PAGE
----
"Now comes the tricky bit. With myself and Pete steering the boats in synchronisation as we surf down some fairly large waves, we heave the line of containers into the sea. Pete then manoeuvres California around so his crew can pick the fender up with their boathook. Once they have this, they can heave the 200 kilos worth of fuel on board and begin the messy task of pouring it into their diesel tanks in a rolling sea.

"Once they're done, they take the empty containers, tie them up again and throw them overboard for us to pick up in the same way, and the process starts again. We have nearly filled California to the brim with diesel today, meaning she should be able to motor the rest of the passage to San Francisco if needed," Hall said.

The crew of Spirit of Australia has sent back a video of the transfer so you can see for yourself the skills of the crews. Watch it online at

All of the crews have proved their extremely high levels of seamanship on this, the longest of the 14 individual races of the Clipper 09-10 Race. Uniquely Singapore's skipper Jim Dobie has been reflecting on what they have learned during the last 30 days of racing. "Looking back at the race it would be fair to say that the North Pacific has been an angry and sometimes violent ocean,” he said.

“It never seems to be quiet and even when you
think you are in the relative safety of a high-pressure system it still surprises. I say this as we see a cold front move through, dropping the barometer, and an increase in the wind. What this ocean has done has fine tuned our awareness and the need for calling sail changes early.

"It was during a sail change today that our ever cheerful and always up on the bow in the thick of things Simon Hope got rather unfortunate and received a cut from a hank to his eyebrow. Not too severe, but enough to send a trickle of blood down his face. He was alright and soon had Yee Onn and Jiang Lei, our medical students, debating about stitches, while Rachel, our coolheaded medic, took one look, sighed, put a steri strip on, patted his bum and sent him to bed. All-in-all I think Simon would quite enjoy a little scar just for the stories he can tell when driving his black cab in London!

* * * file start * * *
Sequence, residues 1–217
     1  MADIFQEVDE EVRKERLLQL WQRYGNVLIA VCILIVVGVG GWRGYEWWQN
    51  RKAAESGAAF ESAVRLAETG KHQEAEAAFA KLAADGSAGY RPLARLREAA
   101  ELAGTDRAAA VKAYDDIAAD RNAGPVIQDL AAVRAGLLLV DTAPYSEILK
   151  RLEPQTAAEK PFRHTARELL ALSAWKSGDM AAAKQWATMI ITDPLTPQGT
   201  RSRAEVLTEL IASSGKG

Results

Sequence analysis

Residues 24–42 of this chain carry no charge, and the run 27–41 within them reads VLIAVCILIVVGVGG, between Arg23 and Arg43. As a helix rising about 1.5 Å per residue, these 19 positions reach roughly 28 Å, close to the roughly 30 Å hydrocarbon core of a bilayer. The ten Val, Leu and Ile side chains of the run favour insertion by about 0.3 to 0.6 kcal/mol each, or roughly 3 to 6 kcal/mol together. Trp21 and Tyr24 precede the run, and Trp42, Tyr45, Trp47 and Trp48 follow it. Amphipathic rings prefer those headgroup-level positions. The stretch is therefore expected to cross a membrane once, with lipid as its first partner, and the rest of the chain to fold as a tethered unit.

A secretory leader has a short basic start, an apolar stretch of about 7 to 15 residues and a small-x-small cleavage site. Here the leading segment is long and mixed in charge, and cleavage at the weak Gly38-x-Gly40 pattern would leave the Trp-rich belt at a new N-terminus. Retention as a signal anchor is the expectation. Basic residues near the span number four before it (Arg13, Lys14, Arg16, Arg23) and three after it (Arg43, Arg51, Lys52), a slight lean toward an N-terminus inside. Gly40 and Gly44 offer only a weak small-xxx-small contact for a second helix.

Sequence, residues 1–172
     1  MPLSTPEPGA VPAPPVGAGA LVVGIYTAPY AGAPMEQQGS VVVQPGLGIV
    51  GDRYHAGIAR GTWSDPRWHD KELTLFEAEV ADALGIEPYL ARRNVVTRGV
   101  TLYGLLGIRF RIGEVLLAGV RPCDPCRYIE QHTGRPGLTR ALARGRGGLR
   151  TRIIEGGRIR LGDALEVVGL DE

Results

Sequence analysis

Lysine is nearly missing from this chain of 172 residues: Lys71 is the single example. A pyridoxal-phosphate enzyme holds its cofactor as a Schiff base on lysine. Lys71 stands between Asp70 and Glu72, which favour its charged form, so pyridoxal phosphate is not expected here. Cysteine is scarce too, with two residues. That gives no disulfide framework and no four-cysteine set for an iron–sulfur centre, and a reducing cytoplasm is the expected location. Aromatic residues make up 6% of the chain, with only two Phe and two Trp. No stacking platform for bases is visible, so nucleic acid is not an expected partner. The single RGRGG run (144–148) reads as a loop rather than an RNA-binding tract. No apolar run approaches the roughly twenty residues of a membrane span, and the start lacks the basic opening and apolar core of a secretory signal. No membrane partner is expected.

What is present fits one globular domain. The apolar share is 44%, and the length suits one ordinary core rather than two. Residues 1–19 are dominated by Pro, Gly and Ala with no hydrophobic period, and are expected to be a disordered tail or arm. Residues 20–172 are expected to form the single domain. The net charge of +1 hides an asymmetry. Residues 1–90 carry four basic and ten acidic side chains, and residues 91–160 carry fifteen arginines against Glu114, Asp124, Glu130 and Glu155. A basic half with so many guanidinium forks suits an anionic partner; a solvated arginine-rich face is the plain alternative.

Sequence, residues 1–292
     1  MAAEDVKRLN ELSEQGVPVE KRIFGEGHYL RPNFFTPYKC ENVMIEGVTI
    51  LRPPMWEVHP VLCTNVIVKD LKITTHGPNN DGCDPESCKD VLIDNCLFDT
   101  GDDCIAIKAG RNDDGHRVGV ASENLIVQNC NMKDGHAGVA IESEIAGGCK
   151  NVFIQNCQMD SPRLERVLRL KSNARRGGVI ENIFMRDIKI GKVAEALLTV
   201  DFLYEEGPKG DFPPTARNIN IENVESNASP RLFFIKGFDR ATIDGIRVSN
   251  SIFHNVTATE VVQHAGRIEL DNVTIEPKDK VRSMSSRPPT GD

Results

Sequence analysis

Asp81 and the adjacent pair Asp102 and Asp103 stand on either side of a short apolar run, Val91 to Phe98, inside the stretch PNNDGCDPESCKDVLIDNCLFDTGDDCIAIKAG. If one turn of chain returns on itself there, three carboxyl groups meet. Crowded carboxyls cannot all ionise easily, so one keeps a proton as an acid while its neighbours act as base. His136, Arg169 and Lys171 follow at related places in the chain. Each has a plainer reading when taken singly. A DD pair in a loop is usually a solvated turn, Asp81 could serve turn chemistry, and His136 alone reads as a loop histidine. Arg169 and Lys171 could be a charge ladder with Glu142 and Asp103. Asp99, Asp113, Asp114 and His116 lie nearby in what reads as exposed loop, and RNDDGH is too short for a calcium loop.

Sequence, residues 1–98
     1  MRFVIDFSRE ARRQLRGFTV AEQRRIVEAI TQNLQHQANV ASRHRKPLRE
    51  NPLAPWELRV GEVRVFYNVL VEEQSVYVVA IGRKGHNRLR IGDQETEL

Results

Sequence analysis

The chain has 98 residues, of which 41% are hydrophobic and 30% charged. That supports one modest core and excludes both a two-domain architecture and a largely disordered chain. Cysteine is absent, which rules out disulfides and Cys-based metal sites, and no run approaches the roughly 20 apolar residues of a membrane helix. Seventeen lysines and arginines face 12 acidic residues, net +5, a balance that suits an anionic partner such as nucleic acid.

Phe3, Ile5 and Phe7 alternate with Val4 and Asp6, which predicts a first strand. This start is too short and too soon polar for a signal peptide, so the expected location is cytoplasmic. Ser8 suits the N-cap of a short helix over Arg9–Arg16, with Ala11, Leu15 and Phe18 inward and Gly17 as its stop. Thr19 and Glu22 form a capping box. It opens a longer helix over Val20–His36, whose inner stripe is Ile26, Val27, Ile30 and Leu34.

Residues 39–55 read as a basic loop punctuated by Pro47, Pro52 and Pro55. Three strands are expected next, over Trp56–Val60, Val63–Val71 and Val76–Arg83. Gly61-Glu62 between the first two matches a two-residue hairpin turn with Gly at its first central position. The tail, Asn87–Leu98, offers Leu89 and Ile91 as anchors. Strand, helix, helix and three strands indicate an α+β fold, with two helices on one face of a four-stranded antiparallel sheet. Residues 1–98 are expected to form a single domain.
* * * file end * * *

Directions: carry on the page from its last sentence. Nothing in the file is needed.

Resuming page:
"Anyway, once this front goes through we should see a return to pleasant downwind sailing and fast speeds, hopefully, not seeing the wind drop too dramatically.

"Last but not least it's my wife's birthday today: Happy birthday hon, hope you had a good one, sorry I can't be there to celebrate but will make it up to you in San Fran - all my love," Dobie said.

Team Finland continues to make good progress and is approximately 800nm northwest of the Midway Islands.

Positions At 0900 UTC, Wednesday, March 31

1. Cape Breton Island

FINISHED: 1425 UTC, Tuesday, March 30

2. Qingdao

DTF 355nm
DTL +355nm
3. Jamaica Lightning Bolt

DTF 441nm
DTL +441nm
4. Uniquely Singapore

DTF 664nm
DTL +664nm
5. Hull & Humber

DTF 838nm
DTL +838nm
6. California

DTF 838nm
DTL +838nm
7. Spirit of Australia

DTF 841nm
DTL +841nm
8. Edinburgh Inspiring Capital

DTF 903nm
DTL +903nm
9. Team Finland

DTF 3227
DTL +3227nm

(DTF = Distance to Finish, DTL = Distance to Leader)

Full positions are updated every three hours and can be found at

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Photo: Cape Breton Island gets the water treatment from an escort tug as it passes under the Golden Gate Bridge, arriving in first place in San Francisco, California at the end of Race 7 from Qingdao, China.